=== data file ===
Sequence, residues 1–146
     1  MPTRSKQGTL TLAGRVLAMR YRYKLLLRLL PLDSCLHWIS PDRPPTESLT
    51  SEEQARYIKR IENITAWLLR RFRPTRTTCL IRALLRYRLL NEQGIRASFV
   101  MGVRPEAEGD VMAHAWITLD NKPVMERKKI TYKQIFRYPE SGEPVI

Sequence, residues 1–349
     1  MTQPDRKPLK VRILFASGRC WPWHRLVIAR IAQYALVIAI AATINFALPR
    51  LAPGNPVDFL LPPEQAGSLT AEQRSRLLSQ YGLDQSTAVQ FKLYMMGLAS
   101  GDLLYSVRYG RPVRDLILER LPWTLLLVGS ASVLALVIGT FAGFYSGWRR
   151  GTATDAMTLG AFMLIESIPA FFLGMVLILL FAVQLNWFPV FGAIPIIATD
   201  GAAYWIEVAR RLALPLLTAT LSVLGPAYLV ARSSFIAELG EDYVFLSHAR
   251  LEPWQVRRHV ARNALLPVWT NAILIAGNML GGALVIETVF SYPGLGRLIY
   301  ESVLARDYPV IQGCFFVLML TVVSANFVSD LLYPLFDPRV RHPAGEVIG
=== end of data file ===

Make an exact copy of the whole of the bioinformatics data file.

Sequence, residues 1–146
     1  MPTRSKQGTL TLAGRVLAMR YRYKLLLRLL PLDSCLHWIS PDRPPTESLT
    51  SEEQARYIKR IENITAWLLR RFRPTRTTCL IRALLRYRLL NEQGIRASFV
   101  MGVRPEAEGD VMAHAWITLD NKPVMERKKI TYKQIFRYPE SGEPVI

Sequence, residues 1–349
     1  MTQPDRKPLK VRILFASGRC WPWHRLVIAR IAQYALVIAI AATINFALPR
    51  LAPGNPVDFL LPPEQAGSLT AEQRSRLLSQ YGLDQSTAVQ FKLYMMGLAS
   101  GDLLYSVRYG RPVRDLILER LPWTLLLVGS ASVLALVIGT FAGFYSGWRR
   151  GTATDAMTLG AFMLIESIPA FFLGMVLILL FAVQLNWFPV FGAIPIIATD
   201  GAAYWIEVAR RLALPLLTAT LSVLGPAYLV ARSSFIAELG EDYVFLSHAR
   251  LEPWQVRRHV ARNALLPVWT NAILIAGNML GGALVIETVF SYPGLGRLIY
   301  ESVLARDYPV IQGCFFVLML TVVSANFVSD LLYPLFDPRV RHPAGEVIG